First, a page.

Review: Legends Trumps Game

The Pocket-Sized Hockey Hall of Fame

If you enjoy card games like “Trumps” — where the highest card wins — or “Go Fish,” but wish they somehow involved hockey, then you should check out Legends International Ice Hockey Trumps Game. It is a new card game from Switzerland that features 40 eye-catching illustrations of the best hockey players from around the world.  

Sold as a full deck online, Legends Trumps Game shows your favorite Hall of Fame players like you’ve never seen them before. 

Player Selection (5 out of 5)
Each deck has 40 player cards and one instructions card. Naturally, all of the obvious names are here, like Wayne Gretzky, Mario Lemieux, Gordie Howe and Bobby Orr. Legends Trumps Game includes players from all over the map — Canada, USA, Sweden, Finland, Russia, Czech Republic and Slovakia — so there are many international stars too. 

Only two current players are included — Jaromir Jagr and Alexander Ovechkin — which seems kind of odd, considering that those two are not in the Hall of Fame yet (but will be when they retire). The rest of the players found in this set are retired and in the Hall of Fame.

Front Design (4.5 out of 5)
Most of the card’s front is filled with an original illustration of the player, created by one of ten European artists. (The artists are credited under the picture, which is a thoughtful thing to do.) The bottom of the card displays career totals for different stats — more on that in a bit.

Really, though, the player pictures are what makes this card game unique.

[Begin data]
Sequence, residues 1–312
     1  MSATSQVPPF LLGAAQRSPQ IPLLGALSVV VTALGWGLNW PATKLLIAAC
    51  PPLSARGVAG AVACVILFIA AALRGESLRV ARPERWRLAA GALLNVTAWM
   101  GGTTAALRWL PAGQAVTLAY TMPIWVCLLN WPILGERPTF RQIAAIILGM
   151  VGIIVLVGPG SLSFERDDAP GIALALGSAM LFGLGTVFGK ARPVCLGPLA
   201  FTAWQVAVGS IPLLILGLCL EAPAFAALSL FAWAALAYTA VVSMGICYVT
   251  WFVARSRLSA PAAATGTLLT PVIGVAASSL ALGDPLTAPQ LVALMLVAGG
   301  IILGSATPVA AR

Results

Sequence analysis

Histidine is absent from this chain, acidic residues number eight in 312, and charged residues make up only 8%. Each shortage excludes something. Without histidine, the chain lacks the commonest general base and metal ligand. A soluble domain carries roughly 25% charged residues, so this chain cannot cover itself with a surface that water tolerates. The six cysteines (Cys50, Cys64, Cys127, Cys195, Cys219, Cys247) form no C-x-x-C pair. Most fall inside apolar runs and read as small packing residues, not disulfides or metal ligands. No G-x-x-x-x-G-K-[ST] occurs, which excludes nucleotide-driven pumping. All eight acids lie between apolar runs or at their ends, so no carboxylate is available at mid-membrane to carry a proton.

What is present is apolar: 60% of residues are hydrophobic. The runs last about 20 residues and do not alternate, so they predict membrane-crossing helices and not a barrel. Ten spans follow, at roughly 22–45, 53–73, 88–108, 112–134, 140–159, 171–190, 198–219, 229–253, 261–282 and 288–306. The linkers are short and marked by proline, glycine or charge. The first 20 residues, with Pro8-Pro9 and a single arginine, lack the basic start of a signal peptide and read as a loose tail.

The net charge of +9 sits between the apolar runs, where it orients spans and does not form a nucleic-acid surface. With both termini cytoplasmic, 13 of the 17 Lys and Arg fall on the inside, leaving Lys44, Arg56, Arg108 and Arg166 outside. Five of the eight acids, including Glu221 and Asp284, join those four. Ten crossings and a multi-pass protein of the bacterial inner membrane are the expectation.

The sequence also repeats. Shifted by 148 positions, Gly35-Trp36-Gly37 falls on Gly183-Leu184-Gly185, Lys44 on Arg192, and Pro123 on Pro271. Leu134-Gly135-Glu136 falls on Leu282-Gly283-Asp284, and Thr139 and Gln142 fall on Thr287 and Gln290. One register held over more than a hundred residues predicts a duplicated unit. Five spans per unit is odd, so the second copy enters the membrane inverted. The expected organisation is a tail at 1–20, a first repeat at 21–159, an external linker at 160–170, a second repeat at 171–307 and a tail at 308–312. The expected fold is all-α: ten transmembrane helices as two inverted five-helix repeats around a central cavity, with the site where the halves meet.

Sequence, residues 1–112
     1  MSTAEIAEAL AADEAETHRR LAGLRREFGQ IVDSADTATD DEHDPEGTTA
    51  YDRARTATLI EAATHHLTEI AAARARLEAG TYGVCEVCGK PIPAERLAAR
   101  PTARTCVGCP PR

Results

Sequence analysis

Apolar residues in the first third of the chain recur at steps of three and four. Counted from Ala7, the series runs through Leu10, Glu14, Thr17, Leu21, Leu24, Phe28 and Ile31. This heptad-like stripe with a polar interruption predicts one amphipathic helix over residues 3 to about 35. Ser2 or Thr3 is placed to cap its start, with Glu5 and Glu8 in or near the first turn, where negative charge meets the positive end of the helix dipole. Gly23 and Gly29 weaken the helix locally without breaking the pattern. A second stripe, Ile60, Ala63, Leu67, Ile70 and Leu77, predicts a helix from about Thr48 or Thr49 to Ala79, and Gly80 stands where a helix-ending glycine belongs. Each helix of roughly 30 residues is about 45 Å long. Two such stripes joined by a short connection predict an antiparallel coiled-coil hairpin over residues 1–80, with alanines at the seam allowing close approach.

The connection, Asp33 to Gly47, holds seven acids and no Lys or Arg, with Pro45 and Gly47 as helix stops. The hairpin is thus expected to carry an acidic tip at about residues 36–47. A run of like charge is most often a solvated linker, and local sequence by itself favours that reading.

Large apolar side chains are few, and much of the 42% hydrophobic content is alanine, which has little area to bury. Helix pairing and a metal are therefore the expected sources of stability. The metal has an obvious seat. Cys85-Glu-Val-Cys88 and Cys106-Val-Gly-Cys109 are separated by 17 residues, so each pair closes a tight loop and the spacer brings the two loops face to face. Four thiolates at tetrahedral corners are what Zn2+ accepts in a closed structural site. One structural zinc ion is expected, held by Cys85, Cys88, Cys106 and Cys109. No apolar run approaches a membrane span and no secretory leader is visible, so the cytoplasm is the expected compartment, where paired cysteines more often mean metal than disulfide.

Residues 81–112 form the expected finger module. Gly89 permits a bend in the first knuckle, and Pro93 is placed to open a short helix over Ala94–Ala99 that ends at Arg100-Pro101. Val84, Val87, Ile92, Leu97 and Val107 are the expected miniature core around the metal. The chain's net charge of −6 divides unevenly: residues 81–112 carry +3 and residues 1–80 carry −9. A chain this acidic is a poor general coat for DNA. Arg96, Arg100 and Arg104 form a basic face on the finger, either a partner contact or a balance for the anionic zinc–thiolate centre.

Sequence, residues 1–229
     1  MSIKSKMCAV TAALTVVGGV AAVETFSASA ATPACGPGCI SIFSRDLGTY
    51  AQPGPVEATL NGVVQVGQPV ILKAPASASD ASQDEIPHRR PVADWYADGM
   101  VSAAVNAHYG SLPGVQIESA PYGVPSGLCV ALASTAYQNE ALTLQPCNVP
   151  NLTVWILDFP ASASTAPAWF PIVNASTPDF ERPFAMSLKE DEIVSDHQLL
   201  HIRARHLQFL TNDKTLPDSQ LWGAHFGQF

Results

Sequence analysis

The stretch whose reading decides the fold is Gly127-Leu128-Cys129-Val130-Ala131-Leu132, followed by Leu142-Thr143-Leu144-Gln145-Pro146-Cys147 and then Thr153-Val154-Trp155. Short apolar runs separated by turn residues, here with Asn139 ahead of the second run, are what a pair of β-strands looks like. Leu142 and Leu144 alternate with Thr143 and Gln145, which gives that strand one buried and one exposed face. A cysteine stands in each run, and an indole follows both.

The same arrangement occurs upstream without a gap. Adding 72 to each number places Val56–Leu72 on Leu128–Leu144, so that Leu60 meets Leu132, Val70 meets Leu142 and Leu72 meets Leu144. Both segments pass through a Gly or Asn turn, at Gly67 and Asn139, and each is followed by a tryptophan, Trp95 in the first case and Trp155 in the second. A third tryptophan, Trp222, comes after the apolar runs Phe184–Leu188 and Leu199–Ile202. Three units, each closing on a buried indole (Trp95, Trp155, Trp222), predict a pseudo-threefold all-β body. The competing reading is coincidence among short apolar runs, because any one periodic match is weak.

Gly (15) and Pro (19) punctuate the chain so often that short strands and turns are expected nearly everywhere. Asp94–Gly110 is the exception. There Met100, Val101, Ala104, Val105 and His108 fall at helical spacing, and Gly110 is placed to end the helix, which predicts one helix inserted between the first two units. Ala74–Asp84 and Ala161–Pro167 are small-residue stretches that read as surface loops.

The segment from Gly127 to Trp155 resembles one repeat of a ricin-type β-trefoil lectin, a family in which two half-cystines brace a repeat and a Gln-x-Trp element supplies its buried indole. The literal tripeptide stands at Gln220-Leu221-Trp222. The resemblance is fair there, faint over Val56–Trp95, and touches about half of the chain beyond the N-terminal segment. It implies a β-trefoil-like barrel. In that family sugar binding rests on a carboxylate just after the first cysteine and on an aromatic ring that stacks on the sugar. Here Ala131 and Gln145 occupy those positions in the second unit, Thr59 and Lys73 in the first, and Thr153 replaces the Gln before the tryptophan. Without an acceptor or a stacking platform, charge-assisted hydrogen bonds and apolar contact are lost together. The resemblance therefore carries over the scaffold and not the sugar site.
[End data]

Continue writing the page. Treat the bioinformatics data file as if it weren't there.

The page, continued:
Some of the artists used a more realistic approach, while others went a bit abstract — or even absurd — with their renderings. 

This illustration of Jaromir Jagr is hands-down my favorite. The broad shoulders, square jaw and overall superhero-ish appearance reminds me of the work of artist Simon Bisley, who illustrated the “Judge Dredd” and “Lobo” comics in the 1990s. 

Man, Esa Tikkanen sure looks looks evil. I wonder if the artist of his portrait is a Calgary Flames or New Jersey Devils fan. 

Stats & Info (4 out of 5)
Under the player’s picture, each card lists out the following career totals: games played, number of Stanley Cup championship wins, points, goals, assists, points per game, penalty minutes per game, game winning goals, shorthanded goals, international tournament wins, international games played and international points per game. These various stat totals factor into game play. 

The inclusion of international stats is a nice touch, as those usually tend to be overlooked in favor of NHL stats and Stanley Cup victories by North Americans. Some of the players in this set, particularly the Russians, had stellar international careers. 

For the active players (Jagr and Ovechkin), stats are current up to September 2016. While these cards may not have the same amount of stats as typical hockey cards — and in all fairness, this really isn’t a set of trading cards — there is enough information here to learn about each player’s body of work. 

Back Design (5 out of 5)
Since these are playing cards, all the backs have the same design: blue with white line art hockey icons of various equipment, the Stanley Cup and an Olympic medal. 

This is way better than those naked angels on bicycles that have adorned the backs of playing cards since 1887.

Game Play